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Mystery client helped spike Pershing's revenue

Pershing revenue 4/22/20
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The economic fallout from the coronavirus pandemic is hurting revenue and earnings across wealth management. But some firms — BNY Mellon Pershing, for one — have boosted business.

The clearinghouse and custodian is raking in much more ticket charges on the massive trading prompted by the volatility and uncertainty in equity values during the pandemic. And there’s another, much more mysterious, source of increased revenue.

A “one-time breakage fee related to a potential client” helped push up Pershing’s revenue by 16% year-over-year to $653 million from $561 million in the first quarter, BNY Mellon CFO Mike Santomassimo said April 16 on an earnings call with analysts.

A Pershing spokeswoman said the company wouldn’t provide any information regarding the fee, apart from what was stated on the earnings call.

While only warranting a brief mention on the call, this breakage fee (which one analyst described as a “client-termination fee”) made an impact on the top line.

The fee, trading revenue and new client assets and accounts resulted in revenue growth of $92 million above the year-ago period for Pershing, according to BNY Mellon’s quarterly earnings statement.

The identity of the potential client remains a mystery — as do the circumstances that prompted the breakup fee.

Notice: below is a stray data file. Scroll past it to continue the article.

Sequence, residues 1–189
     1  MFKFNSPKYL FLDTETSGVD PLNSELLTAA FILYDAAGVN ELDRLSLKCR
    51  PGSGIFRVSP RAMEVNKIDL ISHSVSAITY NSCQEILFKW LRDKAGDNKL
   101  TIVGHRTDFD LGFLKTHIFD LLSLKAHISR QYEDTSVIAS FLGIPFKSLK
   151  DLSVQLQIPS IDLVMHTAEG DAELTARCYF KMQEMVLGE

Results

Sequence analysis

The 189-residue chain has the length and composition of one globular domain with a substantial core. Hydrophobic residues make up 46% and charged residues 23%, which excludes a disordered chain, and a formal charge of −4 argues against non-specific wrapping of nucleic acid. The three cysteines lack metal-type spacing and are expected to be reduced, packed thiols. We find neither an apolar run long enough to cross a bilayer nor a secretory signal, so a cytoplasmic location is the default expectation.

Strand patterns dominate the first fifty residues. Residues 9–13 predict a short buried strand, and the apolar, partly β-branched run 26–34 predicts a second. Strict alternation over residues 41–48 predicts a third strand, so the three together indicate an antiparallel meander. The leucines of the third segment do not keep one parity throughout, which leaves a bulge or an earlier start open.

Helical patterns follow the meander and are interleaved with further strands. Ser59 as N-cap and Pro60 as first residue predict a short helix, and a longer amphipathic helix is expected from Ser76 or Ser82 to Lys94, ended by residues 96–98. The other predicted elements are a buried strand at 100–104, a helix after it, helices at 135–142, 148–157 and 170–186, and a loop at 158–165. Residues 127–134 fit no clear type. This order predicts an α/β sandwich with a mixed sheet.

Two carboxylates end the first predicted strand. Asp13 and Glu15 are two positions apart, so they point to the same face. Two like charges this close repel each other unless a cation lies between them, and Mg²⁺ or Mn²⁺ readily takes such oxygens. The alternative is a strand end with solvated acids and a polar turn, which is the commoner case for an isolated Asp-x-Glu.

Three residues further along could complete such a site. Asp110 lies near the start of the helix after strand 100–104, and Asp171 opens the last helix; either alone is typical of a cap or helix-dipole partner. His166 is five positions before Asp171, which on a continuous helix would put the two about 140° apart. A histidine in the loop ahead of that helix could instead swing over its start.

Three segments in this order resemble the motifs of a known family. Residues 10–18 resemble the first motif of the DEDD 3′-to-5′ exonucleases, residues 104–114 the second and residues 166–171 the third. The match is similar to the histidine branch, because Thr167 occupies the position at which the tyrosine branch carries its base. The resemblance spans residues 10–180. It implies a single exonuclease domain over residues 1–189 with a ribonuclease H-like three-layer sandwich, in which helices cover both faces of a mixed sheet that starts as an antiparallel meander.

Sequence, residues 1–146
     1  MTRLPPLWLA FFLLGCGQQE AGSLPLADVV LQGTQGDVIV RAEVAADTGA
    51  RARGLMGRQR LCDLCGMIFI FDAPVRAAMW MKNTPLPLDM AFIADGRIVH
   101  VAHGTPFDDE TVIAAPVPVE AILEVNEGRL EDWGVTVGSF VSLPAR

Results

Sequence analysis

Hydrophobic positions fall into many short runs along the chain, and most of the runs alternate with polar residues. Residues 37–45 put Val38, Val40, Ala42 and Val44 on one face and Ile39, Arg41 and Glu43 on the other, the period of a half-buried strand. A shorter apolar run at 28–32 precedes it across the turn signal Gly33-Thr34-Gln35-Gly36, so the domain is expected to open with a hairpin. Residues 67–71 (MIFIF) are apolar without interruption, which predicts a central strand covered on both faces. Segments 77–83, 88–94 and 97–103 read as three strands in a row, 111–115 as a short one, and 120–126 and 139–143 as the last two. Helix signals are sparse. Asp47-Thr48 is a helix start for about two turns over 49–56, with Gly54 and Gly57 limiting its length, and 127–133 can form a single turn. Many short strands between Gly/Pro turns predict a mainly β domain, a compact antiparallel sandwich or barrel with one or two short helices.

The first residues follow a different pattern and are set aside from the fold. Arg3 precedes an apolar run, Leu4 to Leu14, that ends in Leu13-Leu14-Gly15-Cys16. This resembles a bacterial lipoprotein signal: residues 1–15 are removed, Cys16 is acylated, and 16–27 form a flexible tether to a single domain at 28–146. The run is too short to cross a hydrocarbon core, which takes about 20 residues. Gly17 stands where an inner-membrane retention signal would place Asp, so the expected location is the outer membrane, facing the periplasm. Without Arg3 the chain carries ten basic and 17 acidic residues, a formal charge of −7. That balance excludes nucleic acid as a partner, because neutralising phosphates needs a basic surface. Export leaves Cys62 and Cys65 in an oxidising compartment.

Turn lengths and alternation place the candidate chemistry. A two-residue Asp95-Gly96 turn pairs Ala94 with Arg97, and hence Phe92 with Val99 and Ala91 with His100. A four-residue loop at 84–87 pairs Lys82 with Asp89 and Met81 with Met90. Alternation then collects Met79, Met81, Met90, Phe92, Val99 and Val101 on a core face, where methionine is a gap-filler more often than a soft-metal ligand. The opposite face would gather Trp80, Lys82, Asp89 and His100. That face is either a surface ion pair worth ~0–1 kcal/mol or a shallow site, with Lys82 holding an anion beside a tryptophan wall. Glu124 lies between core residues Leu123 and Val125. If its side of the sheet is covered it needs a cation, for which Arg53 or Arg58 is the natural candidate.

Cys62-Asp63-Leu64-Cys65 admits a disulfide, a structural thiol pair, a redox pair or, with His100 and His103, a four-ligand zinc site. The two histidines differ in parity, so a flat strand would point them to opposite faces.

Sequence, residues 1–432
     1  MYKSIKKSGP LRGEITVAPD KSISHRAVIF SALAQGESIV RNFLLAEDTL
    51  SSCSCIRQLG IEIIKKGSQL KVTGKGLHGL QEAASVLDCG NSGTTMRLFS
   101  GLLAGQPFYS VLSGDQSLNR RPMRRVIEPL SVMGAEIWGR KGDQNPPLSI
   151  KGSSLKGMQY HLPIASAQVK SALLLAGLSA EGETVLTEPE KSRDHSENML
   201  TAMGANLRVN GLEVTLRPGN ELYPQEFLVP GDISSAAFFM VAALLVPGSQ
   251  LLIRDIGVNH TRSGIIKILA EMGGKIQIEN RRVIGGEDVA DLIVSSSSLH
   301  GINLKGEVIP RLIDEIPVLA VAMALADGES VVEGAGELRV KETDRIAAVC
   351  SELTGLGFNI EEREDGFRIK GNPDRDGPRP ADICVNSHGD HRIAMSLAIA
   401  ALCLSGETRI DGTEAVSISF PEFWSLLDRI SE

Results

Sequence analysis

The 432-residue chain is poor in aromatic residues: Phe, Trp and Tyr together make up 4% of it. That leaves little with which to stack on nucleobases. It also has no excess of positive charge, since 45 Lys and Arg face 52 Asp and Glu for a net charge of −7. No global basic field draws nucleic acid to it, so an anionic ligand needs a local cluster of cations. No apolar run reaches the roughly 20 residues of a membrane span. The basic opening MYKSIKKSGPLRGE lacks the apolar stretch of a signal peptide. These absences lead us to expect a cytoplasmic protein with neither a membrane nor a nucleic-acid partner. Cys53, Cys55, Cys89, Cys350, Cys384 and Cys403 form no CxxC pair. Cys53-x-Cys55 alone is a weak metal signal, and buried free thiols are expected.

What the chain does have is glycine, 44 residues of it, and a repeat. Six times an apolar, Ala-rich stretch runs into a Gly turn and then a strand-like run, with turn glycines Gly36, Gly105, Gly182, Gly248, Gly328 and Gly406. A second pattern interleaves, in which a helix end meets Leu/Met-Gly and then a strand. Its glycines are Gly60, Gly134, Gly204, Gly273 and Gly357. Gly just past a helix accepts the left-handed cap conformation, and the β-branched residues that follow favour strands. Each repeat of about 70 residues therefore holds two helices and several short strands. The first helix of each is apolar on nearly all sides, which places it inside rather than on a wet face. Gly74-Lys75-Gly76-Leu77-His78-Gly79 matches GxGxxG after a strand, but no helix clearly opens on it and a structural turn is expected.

“To be honest — I’ve never heard of anything like this,“ says Larry Roth, the former CEO of advisor networks Cetera and Advisor Group who now runs a consulting agency. He added: “Clearing arrangements that are in effect contain penalties if the firm were to exit or change clearing firms prior to the end of the contract.…But this sounds like it was someone who wasn't yet a client.”

Roth suggested that Pershing could have been negotiating something that fell through, but said that there was really no way to know for sure. Since BNY Mellon doesn’t break out any of Pershing’s revenue metrics, the size of the breakage fee wasn’t immediately clear.

Six analysts who cover BNY Mellon either declined to comment or didn’t respond to a request for an interview. Deutsche Bank’s Brian Bedell and J.P. Morgan’s Vivek Juneja did mention the client termination fee in their research.

The volume of trades is certainly rising for Pershing in the pandemic-triggered recession. The number of transactions soared from typical levels in the first quarter, BNY Mellon CEO Todd Gibbons said on the earnings call.

“Pershing did quite well through the crisis, so it was able to keep its technology up and running and accommodate the surge in the growth, which in some instances we point out was three times to four times,” he said.

Processing transactions drives much of Pershing’s revenue. The firm also introduced two new pricing models for clients in its RIA division in early March.

Pershing will lose a brokerage client in the second quarter when portfolio management software firm Motif shuts its doors. Motif is transferring its accounts to Folio, a self-clearing broker-dealer, according to a letter reviewed by RIAIntel.

Pershing has been serving as the clearing firm for Motif, its website states.

The firm has more than 1,300 client firms with $2 trillion in assets on its clearing platform, which services both broker-dealers and RIAs.

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